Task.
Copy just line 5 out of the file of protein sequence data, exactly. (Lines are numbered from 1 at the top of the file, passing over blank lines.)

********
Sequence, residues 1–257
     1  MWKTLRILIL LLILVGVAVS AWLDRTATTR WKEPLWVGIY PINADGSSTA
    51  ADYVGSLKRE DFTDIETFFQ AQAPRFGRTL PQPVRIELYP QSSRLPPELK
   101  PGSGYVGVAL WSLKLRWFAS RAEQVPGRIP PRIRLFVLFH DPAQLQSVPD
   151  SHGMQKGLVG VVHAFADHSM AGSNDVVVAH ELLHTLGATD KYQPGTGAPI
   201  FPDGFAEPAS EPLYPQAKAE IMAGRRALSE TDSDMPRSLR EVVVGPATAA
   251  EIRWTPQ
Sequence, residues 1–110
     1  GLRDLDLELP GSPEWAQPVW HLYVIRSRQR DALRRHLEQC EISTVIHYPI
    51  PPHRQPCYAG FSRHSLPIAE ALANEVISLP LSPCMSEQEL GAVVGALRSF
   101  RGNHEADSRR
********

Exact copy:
   151  SHGMQKGLVG VVHAFADHSM AGSNDVVVAH ELLHTLGATD KYQPGTGAPI